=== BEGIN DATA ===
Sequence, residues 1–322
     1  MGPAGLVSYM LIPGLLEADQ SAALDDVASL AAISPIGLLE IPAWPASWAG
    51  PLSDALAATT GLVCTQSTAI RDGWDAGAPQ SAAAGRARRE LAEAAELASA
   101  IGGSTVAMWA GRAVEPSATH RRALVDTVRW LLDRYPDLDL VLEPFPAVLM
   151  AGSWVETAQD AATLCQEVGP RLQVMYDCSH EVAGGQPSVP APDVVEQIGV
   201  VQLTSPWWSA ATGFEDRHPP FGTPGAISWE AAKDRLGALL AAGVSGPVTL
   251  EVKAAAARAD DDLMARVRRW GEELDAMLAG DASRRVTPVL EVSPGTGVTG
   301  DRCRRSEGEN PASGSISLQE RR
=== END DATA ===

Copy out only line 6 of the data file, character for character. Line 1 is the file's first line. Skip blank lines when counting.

   201  VQLTSPWWSA ATGFEDRHPP FGTPGAISWE AAKDRLGALL AAGVSGPVTL